I became a member of Bloor Street Fitness 5 years ago this January. It was part of my New Year's resolution. I look back on the day I joined as a turning point in my life and am grateful for this opportunity to share some of my journey.
The day I joined I was 85 pounds overweight. The number 16 sticks in my head. That's as long I could hold a plank and as many push-ups as I could managed in 1 minute.
Previous attempts to find the lighter, fitter me seldom made it, and if they did, they never lasted. I didn't aim to lose weight for 6 months, or get in shape for a season, but that is about how long my success would last.
In the past, I think I had set myself up for failure. I increased exercise, imposed a diet and cut alcohol consumption all at once.
I underestimated the magnitude of the change I was trying to make on myself. Too much exercise, too fast led to burnout and injury. An overly restrictive diet led to a feeling of denial and dissatisfaction.
Heeding these lessons learned, I decided that for changes to be permanent they needed to be sustainable, and for changes to be sustainable they needed to be gradual – starting with exercise.
When I joined Bloor Street Fitness, I made an agreement with myself. This time I wanted to find a way to make permanent changes.
The part of my brain that craved results and the part of my brain that clung to my sedentary lifestyle could both agree to at least 1 hour a week of exercise.
For 1 hour a week, there were no excuses. I had 7 chances each week to succeed.
By Easter 2015, 2 hours of boxing classes a week had become the new status quo. This has steadily increased over the years, and in 2019, my average was up to 5.5 hours per week with a combination of classes, weights, running and biking.
I credit the manageable introduction of this lifestyle change with establishing a solid foundation to build upon and support further changes.
The change: I added classes from Day 1. These remain an important part of my workout routine.
Impact: Multiple. The cadence that Wanda uses in her Tabata Strength and Conditioning class pushes me to 100% effort. Jacob's Movement for Strength and Conditioning has given me numerous new tools to take care of my body long term. For an amazing all round effort full of stress relief, I still love hitting the heavy bags in Alex's and Steve's boxing classes.
The change: I started using Strava to track distance and speed on bike rides, and now use it to track all my exercise.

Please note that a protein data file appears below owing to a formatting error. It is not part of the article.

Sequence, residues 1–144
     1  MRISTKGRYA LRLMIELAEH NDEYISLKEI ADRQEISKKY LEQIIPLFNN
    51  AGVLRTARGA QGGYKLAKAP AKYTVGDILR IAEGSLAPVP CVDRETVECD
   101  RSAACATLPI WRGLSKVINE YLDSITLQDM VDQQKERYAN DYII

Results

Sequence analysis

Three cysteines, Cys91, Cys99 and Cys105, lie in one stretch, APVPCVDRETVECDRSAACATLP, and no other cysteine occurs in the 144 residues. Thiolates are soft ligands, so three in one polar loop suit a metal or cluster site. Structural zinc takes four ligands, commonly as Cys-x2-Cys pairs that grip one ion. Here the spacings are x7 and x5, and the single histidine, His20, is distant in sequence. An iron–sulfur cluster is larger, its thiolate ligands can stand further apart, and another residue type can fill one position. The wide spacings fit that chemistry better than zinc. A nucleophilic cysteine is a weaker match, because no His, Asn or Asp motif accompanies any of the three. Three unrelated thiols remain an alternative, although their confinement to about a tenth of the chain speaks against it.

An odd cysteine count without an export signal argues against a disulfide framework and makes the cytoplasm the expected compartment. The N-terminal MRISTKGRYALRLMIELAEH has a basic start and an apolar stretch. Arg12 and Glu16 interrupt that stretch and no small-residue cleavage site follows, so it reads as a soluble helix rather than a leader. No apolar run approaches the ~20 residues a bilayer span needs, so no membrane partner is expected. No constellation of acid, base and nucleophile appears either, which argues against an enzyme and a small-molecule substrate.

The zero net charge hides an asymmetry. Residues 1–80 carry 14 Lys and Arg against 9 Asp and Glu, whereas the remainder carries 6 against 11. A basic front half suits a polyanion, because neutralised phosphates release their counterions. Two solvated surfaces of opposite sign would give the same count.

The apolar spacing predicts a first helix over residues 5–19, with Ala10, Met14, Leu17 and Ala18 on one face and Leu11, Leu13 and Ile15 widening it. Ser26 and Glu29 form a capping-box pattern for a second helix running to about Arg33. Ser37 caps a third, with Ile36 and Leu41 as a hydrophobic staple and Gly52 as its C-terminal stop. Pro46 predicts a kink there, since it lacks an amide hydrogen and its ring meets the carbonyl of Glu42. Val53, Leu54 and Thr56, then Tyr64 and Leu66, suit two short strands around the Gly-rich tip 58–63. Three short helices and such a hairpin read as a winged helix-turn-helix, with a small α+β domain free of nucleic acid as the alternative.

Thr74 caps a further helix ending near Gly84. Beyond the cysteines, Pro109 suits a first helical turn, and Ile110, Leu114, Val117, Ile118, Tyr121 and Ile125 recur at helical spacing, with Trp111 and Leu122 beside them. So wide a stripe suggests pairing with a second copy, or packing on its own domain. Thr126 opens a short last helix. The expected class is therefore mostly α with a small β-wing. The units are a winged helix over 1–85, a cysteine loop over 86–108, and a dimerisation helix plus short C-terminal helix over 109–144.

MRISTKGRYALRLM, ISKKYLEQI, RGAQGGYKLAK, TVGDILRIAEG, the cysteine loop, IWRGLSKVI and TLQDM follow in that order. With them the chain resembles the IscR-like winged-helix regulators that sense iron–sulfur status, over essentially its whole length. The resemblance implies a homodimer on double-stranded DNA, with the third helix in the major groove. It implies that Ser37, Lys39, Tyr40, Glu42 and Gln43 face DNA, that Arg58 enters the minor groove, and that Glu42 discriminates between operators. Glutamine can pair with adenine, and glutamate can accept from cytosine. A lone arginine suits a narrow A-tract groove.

Impact: The personal activity feed kept me accountable to hit my targets. Seeing current month vs. previous months activity made it clear whether I was on track. Analytics from recorded activities provided valuable insight into performance, particularly for things like running speed vs. perceived exertion.
The change: I weigh myself every morning, as soon as I get out of bed.
Impact: This daily checkpoint keeps me in touch with the impact of all my other decisions and motivates me to make better decisions throughout the day. A couple of recommendations: First - If you are just getting started with exercise, forget the scale and focus on that alone until your exercise routine is well established. Second – it is normal for body weight to fluctuate (mine is about 5lbs) and it takes time to learn your own natural fluctuations – don't let these discourage you.
The change: Eat breakfast. Every day. I knew the benefit of this one, but resisted it for a long time.
Impact: The right choice in the morning led to better choices at lunch and dinnertime when I would eat smaller portions. Eating a healthy breakfast also helped to get the right mindset for the day.
The change: I received a copy of the cookbook Batch as a gift and started experimenting with fermenting - everything from pickles to carrot juice to kombucha. Today, I often have numerous jars on the go.
Impact: I was able to channel my love of cooking towards creating delicious, healthier food. Kombucha, in particular, has become a staple in my diet. It’s a low-calorie drink, loaded with probiotics and a great substitute for beer or pop. A 4L batch costs about $2 (500ml bottles sell for about $4). In the past, I tried to kick off dietary changes by removing my favorite foods, and that felt like a punishment. My daily glass of kombucha now feels like a reward.
The change: In 2019 I pressed the reset button with a dry January. It became an occasional treat for the rest of the year.
Impact: At over 200 Calories per pint just 1 beer a day equals 20lbs worth of calories over a year.
Wishing everyone an amazing 2020. I love to hear about other's success stories; if you see me around the gym, please share.